Dynamics of arable and pastoral farming systems in Scotland over the period 1867–2020 are documented using time series analysis methods, including for nonlinear dynamical systems. Results show arable and pastoral farming, at a national scale, are dynamic over a range of timescales, with medium- and short-term dynamics associated with endogenous system forces and exogenous factors, respectively. Medium-term dynamics provide evidence of endogenous systems-level feedbacks between farming sectors responding to change in world and national cereal prices as an economic driver, and act to dampen impacts of exogenous shocks and events (weather, disease). Regime shifts are identified in national cereal prices. Results show change and dynamics as emergent properties of system interactions. Changes in dynamics and strength of endogenous dampening over the duration of the study are associated with dynamical changes from major governmental policy decisions that altered the boundary conditions for interdependencies of arable and pastoral farming. Full article
(This article belongs to the Special Issue Multiple Roles for Landscape Ecology in Future Farming Systems)
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Article
Pollination Potential in Portugal: Leveraging an Ecosystem Service for Sustainable Agricultural Productivity
Land 2021, 10(4), 431; https://doi.org/10.3390/land10040431 - 17 Apr 2021
Cited by 1 | Viewed by 789
Abstract
As urbanization and agriculture increase worldwide, habitats and food sources for wild pollinators are often fragmented or destroyed. As wild pollinators contribute both resilience and variety to agricultural fields, it is desirable to implement land management practices that preserve their well-being and ability [...] Read more.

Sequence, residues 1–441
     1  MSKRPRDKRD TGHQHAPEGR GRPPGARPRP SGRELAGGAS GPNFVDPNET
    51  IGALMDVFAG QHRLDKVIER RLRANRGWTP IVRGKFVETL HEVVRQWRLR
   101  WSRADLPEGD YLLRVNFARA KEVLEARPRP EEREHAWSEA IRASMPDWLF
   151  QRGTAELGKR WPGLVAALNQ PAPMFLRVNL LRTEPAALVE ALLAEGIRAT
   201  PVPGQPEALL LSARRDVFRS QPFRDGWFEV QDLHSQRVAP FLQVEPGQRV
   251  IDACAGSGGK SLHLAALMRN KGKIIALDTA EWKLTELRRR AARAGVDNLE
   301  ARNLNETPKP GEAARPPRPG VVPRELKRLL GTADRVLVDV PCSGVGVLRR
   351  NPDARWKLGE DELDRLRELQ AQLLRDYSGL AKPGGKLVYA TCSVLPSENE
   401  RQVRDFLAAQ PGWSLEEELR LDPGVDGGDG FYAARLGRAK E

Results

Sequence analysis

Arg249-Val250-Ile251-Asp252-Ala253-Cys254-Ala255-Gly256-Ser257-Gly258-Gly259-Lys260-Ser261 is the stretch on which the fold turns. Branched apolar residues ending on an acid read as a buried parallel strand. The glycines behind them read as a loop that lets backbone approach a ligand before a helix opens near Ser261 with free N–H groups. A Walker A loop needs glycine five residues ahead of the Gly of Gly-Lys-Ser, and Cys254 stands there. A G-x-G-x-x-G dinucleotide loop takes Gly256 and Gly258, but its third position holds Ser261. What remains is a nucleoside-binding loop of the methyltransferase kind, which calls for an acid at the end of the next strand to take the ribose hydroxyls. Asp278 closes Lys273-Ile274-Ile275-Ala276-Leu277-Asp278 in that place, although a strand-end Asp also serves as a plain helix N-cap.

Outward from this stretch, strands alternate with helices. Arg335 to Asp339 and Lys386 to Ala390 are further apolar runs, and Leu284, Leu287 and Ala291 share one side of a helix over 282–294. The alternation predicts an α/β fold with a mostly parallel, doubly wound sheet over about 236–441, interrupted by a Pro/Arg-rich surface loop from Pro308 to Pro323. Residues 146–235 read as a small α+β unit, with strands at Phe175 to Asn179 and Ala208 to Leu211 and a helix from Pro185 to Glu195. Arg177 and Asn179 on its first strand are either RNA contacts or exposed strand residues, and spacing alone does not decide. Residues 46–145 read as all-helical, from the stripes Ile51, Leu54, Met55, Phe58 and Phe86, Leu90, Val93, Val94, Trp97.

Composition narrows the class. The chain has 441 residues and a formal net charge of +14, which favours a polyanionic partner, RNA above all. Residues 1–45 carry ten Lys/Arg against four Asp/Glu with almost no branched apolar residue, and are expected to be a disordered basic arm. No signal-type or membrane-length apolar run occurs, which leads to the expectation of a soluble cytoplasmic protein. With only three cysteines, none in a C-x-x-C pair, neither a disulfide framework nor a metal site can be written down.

As urbanization and agriculture increase worldwide, habitats and food sources for wild pollinators are often fragmented or destroyed. As wild pollinators contribute both resilience and variety to agricultural fields, it is desirable to implement land management practices that preserve their well-being and ability to contribute to food production systems. This study evaluates continental Portugal for its change in suitability to host bee’s pollinator species (Apis mellifera) from 1990 to 2018. It uses the InVEST crop pollination modeling tool and CORINE Land Cover, as well as parameterization to produce pollinator abundance and supply maps. These are generalized to municipality boundaries to provide actionable insights to farmers and policymakers and strengthen land management practices. It finds that the potential for pollination services is growing, with averages of both pollinator abundance and supply indices improving by 8.76% across the continental territory in 28 years. The study results are validated using another pollination index derived from a study that is based on expert opinion and field sampling in a sub-region of Portugal. This method of aggregation of model results and comparison of the percent difference by administrative boundary has the potential to better inform both policymakers and farmers about the pollination potential on a local level, as well as inspire interventions for future productivity. Full article